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distributed over various pastures. For cattle plagues, storms, etc., can affect only a part; while even the enemy from abroad can not drive off all at once. For that reason, the Hereros, for example, “find every well-to-do owner forced to keep, besides the main herd, several other subsidiary


herds. Younger brothers or other near relatives, or in want of these, tried old servants, watch them.”13 For that reason, the developed nomad spares his captured enemy; he can use him asa slave on his pasture. We may note this transition from killing toenslaving in a customary rite of the Scythians: they offered up at their places of sacrifice one out of every hundred captured enemies. Lippert, who reports this, sees in it “the beginning of a limitation, and the reason thereof is evidently to be foundin the value which a captured enemy has acquired by becoming the servant ofa tribal herdsman.”14



With the introduction of slaves into the tribal [40]economy ofthe herdsmen, the state, in its essential elements, is completed, except that it has not as yet acquired a definitely circumscribedterritorial limit. The state has thus the form of dominion, and its economic basisis the exploitation of human labor. Hence-forth, economic differentiation and the formation of social clhies progress rapidly. the herds of the great, wisely divided and better guarded by numerous armed servants than those of the simple himen, as a rule, maintain themselves at their original number: they also increase faster than those of thehimen, since they areaugmented by the greater share in the booty which the rich receive,


corresponding to the number of warriors (slaves) which these place in the field. Likewise, the office of supreme priest creates an ever-widening cleft which divides the numbers of the clan, all formerly equals; until finally a genuine nobility, the rich descendants of the rich patriarchs, is placed in juxtaposition to the ordinary himen. “the redskins have also in their progressive organization developed [41]no nobility and no slavery,* and in this their organization distinguishes itself most essentially from those of the old world. Both arise from the development of the patriarchate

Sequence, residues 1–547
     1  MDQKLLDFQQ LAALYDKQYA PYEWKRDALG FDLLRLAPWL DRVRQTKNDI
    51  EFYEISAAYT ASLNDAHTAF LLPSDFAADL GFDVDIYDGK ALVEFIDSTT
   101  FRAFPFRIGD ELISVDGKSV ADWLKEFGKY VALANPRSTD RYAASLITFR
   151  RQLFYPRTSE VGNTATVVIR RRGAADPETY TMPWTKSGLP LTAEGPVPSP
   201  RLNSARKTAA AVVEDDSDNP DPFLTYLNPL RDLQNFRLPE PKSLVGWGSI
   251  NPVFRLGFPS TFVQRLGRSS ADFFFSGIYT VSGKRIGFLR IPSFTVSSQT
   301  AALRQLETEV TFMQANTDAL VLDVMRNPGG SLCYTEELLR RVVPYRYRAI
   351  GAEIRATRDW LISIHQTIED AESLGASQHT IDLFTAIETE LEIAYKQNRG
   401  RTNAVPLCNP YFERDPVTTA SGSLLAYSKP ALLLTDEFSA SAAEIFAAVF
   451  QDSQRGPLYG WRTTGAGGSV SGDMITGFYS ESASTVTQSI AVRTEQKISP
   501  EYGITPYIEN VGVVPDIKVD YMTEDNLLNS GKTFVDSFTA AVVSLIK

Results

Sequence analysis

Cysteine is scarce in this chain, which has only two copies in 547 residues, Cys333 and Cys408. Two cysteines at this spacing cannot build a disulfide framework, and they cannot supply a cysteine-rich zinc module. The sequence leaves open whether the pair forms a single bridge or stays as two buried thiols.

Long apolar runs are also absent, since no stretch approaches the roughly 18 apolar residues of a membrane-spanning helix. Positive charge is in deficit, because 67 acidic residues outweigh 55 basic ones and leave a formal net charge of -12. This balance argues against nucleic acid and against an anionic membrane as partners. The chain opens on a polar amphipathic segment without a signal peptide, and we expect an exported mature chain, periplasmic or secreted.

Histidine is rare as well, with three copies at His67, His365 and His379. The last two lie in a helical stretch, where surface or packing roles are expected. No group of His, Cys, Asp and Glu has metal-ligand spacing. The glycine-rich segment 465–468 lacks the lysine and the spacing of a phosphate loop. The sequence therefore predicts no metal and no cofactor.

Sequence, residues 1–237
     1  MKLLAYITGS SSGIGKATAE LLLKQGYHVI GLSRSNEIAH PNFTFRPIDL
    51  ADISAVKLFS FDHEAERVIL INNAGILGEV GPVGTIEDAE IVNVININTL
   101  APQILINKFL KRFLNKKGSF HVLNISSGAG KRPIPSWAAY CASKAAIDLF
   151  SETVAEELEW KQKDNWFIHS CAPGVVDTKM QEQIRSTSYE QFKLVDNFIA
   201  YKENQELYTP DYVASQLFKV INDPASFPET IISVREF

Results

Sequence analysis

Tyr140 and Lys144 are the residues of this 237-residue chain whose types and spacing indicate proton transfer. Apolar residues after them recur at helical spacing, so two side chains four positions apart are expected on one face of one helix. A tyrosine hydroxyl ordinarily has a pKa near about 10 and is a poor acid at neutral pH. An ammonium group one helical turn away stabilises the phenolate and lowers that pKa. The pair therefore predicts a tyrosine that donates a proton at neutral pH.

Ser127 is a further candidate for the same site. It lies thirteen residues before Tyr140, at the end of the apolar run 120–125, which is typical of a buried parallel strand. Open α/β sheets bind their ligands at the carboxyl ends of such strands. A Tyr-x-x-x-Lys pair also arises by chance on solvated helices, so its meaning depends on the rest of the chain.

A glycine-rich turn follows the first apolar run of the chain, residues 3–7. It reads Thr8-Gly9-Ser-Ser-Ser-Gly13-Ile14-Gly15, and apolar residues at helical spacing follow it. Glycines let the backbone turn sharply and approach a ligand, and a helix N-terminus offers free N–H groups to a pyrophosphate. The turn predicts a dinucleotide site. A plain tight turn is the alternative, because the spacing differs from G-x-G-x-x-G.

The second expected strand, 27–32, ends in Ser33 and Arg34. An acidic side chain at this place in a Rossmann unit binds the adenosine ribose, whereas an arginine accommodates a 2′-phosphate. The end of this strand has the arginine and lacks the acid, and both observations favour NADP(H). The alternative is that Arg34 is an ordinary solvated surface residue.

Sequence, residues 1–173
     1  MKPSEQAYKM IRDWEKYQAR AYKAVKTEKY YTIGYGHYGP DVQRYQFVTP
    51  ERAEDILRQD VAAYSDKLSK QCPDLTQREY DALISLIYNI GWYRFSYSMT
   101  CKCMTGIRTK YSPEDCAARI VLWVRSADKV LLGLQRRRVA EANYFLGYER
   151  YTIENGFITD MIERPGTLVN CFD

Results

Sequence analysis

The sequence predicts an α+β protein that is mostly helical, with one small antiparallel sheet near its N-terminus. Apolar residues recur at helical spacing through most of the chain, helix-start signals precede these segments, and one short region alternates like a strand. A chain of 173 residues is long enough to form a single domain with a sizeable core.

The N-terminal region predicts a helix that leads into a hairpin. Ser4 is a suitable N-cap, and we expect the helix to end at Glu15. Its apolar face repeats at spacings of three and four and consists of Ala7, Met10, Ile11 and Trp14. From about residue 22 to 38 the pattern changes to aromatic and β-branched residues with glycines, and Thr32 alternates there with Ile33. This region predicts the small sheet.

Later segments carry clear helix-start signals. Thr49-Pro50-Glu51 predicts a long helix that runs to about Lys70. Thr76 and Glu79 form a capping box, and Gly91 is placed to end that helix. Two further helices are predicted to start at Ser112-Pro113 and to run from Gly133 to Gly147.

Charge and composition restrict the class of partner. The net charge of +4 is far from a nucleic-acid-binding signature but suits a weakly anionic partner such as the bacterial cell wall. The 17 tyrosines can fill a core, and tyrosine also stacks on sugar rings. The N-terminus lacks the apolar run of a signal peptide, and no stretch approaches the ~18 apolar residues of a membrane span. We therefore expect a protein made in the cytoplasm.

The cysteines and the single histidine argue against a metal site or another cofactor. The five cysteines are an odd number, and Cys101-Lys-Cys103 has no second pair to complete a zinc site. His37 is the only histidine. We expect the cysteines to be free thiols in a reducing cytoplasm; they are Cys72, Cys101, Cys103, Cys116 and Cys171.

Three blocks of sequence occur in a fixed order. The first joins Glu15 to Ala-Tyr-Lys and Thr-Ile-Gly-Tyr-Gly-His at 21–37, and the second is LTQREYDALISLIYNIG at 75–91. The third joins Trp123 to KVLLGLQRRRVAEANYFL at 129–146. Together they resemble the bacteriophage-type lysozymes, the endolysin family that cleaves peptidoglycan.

of stock-raising people.”15 Thus we find, with all developed tribes of herdsmen, a social separation into three distinct clhies: nobility (“head of the house of his fathers” in the biblical phrase), common himen and slaves. according to mommsen, “all Indo-Germanic people have slavery as a jural institution.”16 This applies to the Arians andthe Semites of Asia and Africa as well as to the Hamites. Among all the Fulbe of the Sahara, “societyis divided into princes, chieftains, commons and slaves.”17 And we find the same facts everywhere, as a matter of course, wherever slavery is legally established, as among the Hova18 and their Polynesian kinsmen, the “Sea Nomads.” Human psychology under similar circumstances brings [42]about like conditions,


independent of color or race. Thus the herdsman gradually becomes accustomed to earning his livelihood through warfare, and to the exploitation of men as servile labor motors.



And one must admit that his entire mode of life impels him to make more and more use of the “political means.” He is physically stronger and just as adroit and determined as the primitive huntsman, whose food supply is too irregular to permit him to attain his greatest natural physical development. The herdsman can, in all cases, grow to his full stature, since he has uninterrupted nourishment in the milk of his herds and an unfailing supply of meat. This is shown in the .








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